This is just a big game!
Whatever the facts of the matter or the theoretical legal arguments, this is a game of publicity poker being played out by the BPI and co. The music industry want a bit of noise made about all this downloading going on (where they *perceive* lost revenue). In the UK, having seen the failure to win the battle (and the hearts and minds campaign) through litigation of individual users in the US, the industry now have the ISPs in their sights as a vehicle for enforcement. They have a stick and a carrot:
The stick is the fact that they have lobbyed the govt into threatening to legislate on the matter - this has been enough to bring the ISPs to the table.
The carrot is to offer the ISPs a slice of that big content cake (TBH it's probably fairly attractive to them) hence, for example, the other story today about legal subscription-based p2p services.
The two sides are now in the throes of establishing a model that puts the shits up enough lusers to herd them in the direction of the new subscription services that will be offered and reduce the 'pirate' constituency to a small hardcore.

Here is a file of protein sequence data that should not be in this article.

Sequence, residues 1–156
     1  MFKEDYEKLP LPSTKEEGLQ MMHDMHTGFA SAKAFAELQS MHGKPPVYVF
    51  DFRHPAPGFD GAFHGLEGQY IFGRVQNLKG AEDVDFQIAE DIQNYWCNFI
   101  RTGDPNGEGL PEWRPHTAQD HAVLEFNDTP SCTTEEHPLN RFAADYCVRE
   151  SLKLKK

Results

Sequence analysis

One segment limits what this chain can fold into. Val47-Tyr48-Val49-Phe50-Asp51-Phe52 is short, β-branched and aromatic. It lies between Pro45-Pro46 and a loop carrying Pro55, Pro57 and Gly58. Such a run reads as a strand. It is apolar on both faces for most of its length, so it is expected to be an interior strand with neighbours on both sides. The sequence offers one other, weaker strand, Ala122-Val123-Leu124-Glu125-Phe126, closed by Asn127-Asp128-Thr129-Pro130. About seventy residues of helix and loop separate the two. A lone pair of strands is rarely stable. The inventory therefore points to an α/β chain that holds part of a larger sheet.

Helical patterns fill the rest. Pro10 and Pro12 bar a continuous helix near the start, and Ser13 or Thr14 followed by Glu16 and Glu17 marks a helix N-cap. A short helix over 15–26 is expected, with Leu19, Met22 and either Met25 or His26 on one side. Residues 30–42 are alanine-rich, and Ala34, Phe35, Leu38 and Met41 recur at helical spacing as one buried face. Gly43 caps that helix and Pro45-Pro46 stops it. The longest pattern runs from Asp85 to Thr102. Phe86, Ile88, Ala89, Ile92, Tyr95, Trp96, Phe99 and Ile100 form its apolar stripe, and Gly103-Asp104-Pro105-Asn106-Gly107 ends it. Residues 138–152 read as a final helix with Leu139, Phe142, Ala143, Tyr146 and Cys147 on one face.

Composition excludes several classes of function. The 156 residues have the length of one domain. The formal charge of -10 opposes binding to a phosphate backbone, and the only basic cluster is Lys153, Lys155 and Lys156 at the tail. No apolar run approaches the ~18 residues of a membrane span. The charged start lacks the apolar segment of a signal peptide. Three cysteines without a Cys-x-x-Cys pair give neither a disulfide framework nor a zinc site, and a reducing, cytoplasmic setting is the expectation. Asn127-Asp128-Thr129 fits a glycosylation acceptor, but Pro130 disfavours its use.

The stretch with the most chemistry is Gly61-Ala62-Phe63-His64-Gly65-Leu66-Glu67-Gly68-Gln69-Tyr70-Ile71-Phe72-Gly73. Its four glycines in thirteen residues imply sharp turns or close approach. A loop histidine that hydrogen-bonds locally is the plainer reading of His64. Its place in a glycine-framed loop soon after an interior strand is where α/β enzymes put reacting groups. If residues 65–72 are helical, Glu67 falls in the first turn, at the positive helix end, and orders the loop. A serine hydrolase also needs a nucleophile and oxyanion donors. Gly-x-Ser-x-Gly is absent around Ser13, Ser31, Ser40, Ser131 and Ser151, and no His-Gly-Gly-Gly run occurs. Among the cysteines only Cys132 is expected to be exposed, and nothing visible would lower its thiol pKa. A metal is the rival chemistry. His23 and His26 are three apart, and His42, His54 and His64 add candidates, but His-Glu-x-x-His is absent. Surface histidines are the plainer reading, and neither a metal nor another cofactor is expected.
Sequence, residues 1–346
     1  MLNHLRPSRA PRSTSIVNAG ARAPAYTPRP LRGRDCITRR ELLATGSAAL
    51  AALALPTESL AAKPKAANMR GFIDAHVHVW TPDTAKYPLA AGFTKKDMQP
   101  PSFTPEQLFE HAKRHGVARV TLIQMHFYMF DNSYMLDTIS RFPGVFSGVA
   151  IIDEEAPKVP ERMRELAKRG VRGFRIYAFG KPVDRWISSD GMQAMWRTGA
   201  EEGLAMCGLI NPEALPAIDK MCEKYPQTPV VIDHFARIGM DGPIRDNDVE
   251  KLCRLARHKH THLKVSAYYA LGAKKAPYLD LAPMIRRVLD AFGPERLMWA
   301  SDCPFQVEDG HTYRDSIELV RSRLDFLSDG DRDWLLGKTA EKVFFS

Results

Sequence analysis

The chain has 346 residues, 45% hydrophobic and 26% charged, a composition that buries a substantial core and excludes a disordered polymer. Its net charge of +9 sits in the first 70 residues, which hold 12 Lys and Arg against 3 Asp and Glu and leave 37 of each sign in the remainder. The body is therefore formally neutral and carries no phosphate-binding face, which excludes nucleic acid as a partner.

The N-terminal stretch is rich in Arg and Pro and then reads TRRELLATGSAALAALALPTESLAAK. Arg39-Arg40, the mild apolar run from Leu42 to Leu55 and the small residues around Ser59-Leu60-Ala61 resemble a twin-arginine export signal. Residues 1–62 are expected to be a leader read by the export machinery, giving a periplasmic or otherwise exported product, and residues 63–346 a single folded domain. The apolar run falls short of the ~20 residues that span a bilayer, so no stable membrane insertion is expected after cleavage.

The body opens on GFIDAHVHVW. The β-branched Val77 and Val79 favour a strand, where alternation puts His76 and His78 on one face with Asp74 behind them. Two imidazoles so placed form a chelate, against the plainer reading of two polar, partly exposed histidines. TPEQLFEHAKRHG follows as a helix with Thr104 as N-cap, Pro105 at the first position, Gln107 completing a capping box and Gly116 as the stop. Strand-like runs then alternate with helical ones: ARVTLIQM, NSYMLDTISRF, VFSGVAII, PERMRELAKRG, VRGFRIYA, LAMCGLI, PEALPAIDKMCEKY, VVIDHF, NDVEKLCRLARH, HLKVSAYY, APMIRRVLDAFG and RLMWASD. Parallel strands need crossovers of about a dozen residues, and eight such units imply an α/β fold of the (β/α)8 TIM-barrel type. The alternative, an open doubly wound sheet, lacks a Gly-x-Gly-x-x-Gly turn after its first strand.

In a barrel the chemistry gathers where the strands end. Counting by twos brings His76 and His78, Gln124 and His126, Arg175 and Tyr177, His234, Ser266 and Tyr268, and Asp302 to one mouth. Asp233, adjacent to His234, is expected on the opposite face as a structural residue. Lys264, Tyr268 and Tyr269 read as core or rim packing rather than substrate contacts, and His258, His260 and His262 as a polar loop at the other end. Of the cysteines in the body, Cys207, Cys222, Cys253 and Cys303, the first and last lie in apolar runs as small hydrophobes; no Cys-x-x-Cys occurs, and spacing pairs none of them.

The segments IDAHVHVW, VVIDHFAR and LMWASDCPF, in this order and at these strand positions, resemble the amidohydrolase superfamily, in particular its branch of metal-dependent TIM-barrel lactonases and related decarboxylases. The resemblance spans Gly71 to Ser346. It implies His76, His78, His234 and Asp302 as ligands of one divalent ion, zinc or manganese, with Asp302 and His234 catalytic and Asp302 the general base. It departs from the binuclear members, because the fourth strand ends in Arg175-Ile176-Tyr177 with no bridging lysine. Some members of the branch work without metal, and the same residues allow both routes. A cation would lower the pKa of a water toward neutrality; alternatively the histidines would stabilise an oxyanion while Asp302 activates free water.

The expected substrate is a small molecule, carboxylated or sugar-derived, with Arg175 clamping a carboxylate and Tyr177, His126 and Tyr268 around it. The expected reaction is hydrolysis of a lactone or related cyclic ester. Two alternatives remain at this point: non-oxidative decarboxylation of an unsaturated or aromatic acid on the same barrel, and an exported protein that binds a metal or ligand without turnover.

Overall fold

Can this happen? Well, most downloaders are probably not clued up enough to see past the empty (?) threats or take their activities underground (YKWIM?). After all, if there's 6m downloaders, how many do you think are tech savvy enough? The only caveat to this is that a p2p/BT client that hides IPs may emerge and escalate the tech battle to a new level.
IMHO this approach may bear some fruit simply by bringing some real pressure to bear on Joe Public. There has to be a pay-off somewhere between making it harder/riskier to download copyrighted content and providing easily accessible subscription music services and I think this is what they are banking on. Hopefully, even if this comes to pass, there comes a point where the BPI can claim a face-saving victory - and leave the remaining hardcore contingent to their own devices.